WASHINGTON, August 2, 2017 – The World Bank has issued its first Systematic Country Diagnostic on the Seychelles, Africa’s only high-income economy. Its findings will inform the Bank’s operational work in the country and contribute to its public debate on the new, national development planning process.
Seychelles’ economic performance has been strong, both over the long-term and recently, and employment rates are high. However, as this analysis shows, growth has been driven mainly by factor accumulation. The challenge now for Seychelles is to sustain growth by raising productivity.
“While absolute poverty levels in the Seychelles are low, inequality is significant,” said Alex Sienaert, Senior Country Economist, and the report’s main author. “Increasing the direct participation of Seychellois in a skills-intensive, sophisticated economy is the main challenge in terms of the country’s social sector.”
The report indicates the need for a development model that fosters strong economic inclusion. In the Seychelles, the labor market is rewarding workers with technical and job-relevant skills, which are in scarce supply. The pressure is now on for the education system to equip graduates with the right tools to reap the benefits of the opportunities offered by the Seychelles’ increasingly sophisticated economy.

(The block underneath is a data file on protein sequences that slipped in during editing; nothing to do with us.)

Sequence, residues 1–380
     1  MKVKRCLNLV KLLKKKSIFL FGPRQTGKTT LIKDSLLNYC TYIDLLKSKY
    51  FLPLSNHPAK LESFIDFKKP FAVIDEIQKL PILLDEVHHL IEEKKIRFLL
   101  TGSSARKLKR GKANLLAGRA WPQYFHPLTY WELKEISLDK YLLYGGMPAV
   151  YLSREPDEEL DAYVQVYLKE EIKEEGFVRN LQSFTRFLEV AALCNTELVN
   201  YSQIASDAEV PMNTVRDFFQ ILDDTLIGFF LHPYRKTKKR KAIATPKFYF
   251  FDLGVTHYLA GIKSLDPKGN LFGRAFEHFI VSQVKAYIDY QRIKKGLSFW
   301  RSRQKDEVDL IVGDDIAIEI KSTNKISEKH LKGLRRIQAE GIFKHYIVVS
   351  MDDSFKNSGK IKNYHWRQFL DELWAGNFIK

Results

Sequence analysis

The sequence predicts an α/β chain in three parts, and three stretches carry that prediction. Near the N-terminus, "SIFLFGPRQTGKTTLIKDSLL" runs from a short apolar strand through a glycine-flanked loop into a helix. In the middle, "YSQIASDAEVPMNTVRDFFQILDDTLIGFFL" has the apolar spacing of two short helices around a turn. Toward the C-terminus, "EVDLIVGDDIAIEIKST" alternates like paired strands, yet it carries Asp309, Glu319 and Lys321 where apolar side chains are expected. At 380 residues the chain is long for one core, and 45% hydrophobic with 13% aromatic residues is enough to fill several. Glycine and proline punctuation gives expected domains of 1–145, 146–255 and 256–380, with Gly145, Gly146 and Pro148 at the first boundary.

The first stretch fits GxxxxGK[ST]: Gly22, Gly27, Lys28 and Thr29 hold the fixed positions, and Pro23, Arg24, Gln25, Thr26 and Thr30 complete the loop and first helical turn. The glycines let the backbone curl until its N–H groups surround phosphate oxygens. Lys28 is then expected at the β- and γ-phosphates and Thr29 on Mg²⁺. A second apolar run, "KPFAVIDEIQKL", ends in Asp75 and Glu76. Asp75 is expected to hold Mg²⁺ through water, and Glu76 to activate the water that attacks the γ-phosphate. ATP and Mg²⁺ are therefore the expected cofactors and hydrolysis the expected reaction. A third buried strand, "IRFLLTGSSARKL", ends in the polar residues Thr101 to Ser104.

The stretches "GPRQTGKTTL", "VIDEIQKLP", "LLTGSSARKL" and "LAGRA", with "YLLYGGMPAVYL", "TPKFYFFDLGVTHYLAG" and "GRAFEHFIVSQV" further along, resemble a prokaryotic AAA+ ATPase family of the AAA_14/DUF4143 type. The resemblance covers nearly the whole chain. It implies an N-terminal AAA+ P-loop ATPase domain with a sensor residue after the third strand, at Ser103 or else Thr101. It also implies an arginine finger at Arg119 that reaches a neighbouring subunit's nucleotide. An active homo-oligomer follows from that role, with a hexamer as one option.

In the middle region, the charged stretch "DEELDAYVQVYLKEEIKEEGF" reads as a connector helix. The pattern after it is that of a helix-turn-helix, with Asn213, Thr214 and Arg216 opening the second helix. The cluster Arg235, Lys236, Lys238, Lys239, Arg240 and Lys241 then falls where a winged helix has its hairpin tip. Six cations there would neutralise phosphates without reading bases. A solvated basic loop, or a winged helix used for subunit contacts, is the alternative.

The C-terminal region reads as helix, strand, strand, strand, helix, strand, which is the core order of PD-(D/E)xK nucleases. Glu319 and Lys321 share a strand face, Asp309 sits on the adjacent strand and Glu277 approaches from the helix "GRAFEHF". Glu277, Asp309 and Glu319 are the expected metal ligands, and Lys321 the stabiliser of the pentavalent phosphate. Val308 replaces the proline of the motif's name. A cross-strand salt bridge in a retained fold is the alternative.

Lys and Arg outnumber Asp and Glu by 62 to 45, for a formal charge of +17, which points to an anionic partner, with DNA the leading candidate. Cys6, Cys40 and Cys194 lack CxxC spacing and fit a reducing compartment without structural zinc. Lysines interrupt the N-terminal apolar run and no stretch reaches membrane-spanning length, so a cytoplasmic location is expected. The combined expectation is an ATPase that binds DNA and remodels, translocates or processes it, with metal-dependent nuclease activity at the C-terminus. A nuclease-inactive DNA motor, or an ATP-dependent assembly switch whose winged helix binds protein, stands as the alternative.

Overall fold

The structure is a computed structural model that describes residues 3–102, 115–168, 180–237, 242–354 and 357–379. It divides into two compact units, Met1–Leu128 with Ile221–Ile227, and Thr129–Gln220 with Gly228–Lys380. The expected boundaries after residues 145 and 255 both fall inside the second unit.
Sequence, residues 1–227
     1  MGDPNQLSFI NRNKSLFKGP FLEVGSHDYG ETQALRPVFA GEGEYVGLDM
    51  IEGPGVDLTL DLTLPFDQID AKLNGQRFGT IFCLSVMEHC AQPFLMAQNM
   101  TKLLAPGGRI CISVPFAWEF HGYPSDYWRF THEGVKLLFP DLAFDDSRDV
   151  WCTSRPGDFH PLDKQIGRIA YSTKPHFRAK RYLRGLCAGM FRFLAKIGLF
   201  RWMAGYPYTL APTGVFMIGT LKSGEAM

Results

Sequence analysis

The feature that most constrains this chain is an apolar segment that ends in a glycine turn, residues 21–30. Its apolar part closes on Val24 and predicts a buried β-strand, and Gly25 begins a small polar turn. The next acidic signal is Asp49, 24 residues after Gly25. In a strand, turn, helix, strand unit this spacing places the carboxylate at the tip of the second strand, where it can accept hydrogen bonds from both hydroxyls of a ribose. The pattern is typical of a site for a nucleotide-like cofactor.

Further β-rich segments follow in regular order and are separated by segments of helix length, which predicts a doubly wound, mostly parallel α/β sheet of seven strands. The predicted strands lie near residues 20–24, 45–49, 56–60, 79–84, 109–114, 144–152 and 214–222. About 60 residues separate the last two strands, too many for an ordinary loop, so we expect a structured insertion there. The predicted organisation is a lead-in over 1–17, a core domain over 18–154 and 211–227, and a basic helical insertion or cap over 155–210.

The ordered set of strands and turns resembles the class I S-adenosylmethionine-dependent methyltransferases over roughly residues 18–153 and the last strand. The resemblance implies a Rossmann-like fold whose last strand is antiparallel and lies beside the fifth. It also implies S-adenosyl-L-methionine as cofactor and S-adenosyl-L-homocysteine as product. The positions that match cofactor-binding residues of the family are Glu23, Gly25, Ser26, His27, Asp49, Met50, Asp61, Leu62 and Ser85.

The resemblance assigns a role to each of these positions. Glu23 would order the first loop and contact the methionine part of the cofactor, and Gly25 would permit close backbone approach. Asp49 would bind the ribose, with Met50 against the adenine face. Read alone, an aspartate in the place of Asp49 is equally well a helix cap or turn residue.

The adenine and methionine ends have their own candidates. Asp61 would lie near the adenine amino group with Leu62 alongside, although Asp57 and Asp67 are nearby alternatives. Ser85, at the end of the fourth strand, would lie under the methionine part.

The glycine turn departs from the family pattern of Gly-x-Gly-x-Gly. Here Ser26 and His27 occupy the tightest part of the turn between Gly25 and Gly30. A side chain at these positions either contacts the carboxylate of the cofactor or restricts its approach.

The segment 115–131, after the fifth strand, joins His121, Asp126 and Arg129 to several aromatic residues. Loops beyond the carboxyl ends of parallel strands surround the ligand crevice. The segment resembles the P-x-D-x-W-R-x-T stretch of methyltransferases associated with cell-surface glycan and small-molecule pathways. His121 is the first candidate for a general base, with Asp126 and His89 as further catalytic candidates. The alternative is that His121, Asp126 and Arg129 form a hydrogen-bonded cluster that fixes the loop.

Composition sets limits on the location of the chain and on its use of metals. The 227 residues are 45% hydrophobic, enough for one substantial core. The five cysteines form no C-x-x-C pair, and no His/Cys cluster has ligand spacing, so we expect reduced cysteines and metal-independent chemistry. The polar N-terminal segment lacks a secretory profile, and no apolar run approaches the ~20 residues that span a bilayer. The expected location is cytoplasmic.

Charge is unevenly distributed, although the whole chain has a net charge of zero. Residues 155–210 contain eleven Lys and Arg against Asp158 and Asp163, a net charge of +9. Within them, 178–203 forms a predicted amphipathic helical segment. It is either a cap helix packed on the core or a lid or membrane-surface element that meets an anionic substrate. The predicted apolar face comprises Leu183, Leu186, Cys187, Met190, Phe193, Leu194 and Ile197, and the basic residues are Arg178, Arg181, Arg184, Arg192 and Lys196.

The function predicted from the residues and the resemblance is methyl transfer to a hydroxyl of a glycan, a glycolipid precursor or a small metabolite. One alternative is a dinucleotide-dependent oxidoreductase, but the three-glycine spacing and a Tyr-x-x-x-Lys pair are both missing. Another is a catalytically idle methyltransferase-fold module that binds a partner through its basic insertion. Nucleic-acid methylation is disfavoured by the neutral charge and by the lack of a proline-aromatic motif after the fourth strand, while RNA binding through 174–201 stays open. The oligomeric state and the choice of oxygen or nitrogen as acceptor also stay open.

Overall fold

Social spending, already at generous levels, also needs to be better targeted to shore up the its sustainability, boost its impact on protecting the vulnerable, and enable more Seychellois to get high quality jobs.
The report also suggests that state performance is another of the key challenges facing the Seychelles today. A high-performing economy requires a public sector that is efficient enough to deliver good quality public services, agile enough to respond to emerging priorities, and small enough not to divert scarce financial and human resources away from the private sector.
The Seychelles has already made much progress on this front but can build on it further to position the government and state-owned enterprises to support a high-performing, high-participation economy.
The report’s preparation included consultations with relevant stakeholders.